food banks- britain's hungry and hidden

Antonia and her partner Sergio work to feed their two children but struggle to make ends meet and have used emergency food aid in the past year.

This week it was announced that over one million people received help from UK Food banks during the last year. Why then are most news articles illustrated by rows of tins or tables laid with statistics, rather than people?

In North America and on mainland Europe, food banks are old news but in the UK figures show they have soared in six years from 25,000 to over one million people receiving a three day supply according to Trussell trust figures. Others contest this figure and say its only half a million people. (If you want to crunch the numbers I have a note at the bottom). Of those hundreds of thousands of people, next to nil appear in the press.  I set aside a month to follow the food bank supply lines to the homes of hungry Britons in 21st century Britain before the General Election. 

Depending on the spin, food banks represent a government’s failure or the success of civic society or both. Working on this story felt more difficult than on assignments in politically-charged Tibet or Zimbabwe. In both I received a warm welcome and a willingness from participants despite arguably greater risks to their freedom. People's trust acts as a catalyst for trustworthy reporting especially on politically sensitive stories. I was very aware of the trust they gave me and worked hard to ensure they remained safe once I had jumped on a plane and flown away.  What about back home In the UK?  For food bank clients the story remains hidden for the shame of being seen.

In London, I criss-crossed the capital from one cancellation to the next. With each knock-back I considered cutting my losses. I could understand their reluctance- an outsider asking people to share their struggle in the national media. I was trying to counter the stigma but it is a hard sell. In Scotland, one man was heckled by a passing driver as he was leaving a food bank- "You dirty, scrounging, junkie bastard!". That was in public, imagine the abuse he could receive online.

Of those we managed to arrange, many cancelled. Some silently ignored texts and phone calls, others giving reasons to remain anonymous and prevent the shame of their family or friends or workmates finding out. I was disappointed but not surprised. The people I did meet were struck hard by circumstances (unemployment, bereavement, illness) and were embarrassed to ask for help.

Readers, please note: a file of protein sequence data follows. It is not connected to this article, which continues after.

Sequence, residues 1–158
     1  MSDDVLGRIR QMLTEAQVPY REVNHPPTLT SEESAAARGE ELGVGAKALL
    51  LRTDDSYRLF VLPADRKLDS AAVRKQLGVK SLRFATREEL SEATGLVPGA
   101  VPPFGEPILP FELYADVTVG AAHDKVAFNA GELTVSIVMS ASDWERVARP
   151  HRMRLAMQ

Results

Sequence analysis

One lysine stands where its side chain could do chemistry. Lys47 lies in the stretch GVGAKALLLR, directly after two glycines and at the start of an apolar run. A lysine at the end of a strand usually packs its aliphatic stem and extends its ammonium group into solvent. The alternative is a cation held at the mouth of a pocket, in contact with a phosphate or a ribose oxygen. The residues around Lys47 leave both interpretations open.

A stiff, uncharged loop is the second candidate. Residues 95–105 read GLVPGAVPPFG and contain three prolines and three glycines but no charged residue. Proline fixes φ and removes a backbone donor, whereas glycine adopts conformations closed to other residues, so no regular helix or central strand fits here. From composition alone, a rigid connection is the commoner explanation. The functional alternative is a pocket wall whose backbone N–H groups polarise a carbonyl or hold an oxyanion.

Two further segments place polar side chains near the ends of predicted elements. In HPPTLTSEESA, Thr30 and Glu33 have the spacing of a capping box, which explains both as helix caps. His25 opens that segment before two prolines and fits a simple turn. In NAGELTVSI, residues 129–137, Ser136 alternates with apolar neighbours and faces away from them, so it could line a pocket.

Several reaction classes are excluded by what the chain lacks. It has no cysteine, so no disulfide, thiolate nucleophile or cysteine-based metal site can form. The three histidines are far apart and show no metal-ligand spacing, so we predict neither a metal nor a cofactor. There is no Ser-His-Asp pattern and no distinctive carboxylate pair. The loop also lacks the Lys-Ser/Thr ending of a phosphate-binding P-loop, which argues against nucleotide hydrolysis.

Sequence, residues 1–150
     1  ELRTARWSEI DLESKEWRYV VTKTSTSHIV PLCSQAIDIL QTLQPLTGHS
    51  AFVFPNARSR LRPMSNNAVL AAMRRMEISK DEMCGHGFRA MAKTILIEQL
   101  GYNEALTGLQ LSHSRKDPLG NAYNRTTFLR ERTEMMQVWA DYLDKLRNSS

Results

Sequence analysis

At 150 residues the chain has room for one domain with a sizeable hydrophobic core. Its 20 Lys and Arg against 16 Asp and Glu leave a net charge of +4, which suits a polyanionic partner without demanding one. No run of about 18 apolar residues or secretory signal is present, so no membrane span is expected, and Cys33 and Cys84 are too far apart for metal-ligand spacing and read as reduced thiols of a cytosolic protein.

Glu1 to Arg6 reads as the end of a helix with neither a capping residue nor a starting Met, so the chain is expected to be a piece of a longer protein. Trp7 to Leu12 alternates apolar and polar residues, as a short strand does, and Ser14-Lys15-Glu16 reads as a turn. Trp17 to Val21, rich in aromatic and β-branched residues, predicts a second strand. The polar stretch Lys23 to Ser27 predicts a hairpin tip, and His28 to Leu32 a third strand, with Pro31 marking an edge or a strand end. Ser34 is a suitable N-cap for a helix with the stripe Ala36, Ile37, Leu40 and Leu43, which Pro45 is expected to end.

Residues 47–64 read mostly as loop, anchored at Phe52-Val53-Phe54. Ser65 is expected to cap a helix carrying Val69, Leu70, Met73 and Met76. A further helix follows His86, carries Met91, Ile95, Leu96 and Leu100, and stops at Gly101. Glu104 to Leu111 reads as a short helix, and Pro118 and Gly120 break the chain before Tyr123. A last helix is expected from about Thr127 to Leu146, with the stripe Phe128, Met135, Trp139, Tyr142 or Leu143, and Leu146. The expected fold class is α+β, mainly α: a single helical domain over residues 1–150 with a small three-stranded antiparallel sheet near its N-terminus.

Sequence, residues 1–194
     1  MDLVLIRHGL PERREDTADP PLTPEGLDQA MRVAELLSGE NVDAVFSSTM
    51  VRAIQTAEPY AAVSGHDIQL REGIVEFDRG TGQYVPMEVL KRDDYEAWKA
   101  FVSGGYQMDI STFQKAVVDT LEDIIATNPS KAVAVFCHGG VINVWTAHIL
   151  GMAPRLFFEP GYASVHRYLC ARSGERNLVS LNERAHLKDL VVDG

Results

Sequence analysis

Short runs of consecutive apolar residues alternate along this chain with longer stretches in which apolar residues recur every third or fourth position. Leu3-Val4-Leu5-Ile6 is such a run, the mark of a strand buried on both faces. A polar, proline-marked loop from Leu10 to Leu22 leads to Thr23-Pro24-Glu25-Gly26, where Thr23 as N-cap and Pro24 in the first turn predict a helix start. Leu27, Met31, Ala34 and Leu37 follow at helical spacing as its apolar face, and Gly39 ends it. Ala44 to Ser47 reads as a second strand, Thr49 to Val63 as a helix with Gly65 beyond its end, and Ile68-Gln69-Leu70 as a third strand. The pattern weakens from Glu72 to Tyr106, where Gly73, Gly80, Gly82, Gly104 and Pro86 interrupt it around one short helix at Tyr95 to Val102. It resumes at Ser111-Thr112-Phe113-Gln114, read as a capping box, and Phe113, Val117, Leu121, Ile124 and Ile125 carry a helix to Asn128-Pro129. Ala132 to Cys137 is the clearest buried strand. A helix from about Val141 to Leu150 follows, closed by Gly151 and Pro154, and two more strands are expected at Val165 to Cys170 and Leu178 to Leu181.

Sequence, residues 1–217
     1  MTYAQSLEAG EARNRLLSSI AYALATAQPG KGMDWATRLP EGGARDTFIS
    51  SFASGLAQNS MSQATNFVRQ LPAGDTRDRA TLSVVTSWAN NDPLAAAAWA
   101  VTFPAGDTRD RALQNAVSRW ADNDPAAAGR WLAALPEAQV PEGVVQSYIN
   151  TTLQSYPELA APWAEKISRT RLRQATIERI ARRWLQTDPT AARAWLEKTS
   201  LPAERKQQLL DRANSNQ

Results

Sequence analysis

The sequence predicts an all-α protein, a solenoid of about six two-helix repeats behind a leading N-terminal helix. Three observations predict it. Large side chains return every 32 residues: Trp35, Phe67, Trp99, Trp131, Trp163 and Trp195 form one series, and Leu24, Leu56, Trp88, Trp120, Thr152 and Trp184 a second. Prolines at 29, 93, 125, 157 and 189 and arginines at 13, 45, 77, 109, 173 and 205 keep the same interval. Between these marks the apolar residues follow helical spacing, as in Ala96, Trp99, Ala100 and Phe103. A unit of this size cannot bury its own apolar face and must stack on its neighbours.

The Trussell trust, the UK’s largest food bank network, helped with access. They said cancellations were par for the course. The press request a case study, they line someone up, they cancel. These food banks run as autonomous entities so it is up to the food bank managers to approach people who might want to share their stories.

Working this way requires determination to walk the tight rope of accuracy and access. Its frustrating, its tiring and for me it is financially risky because it is self-funded. In the end it is important to share personal stories because tins of beans, like statistics, don't bleed. 

I am thankful for those who were bold enough to share their stories. 

See the full set of images on Panos Pictures.

*A note on figures.  Following the announcement of 1.1 million people,  a critique of the figures by Full Fact said this is not 1.1 million people but 1.1 million visits. The Trust say 'visits' isn't accurate and it is best reported as 'over a million people received three days 'emergency food', and had openly admitted that these are not unique users. Full Fact estimate that total individuals is likely to be only 500,000 people or so, based on Trussell trust data. Full Fact also point out (as has been done many times) that supply does not mean new demand. There may have been people in need of emergency food in the past who wouldn’t have shown up in the Trust’s figures.  People may have hungry before but we just hadn't noticed. Trussell Trust figures show that demand is outstripping supply and has been for some years.  Numbers of new food banks, they say, don't explain the much greater increase in food bank use. Full Fact link to a helpful British Medical Journal article that shows "the increase in use and number of food banks is associated with spending cuts, benefit sanctions and unemployment". Full Fact also point out that the Trussell Trust are one of many providers and provide only a third of emergency food aid. The problem looks far larger than the one million people found in this new report. They also conclude "Data from the Trussell Trust may be the best evidence we have but reporting needs to be clearer. 

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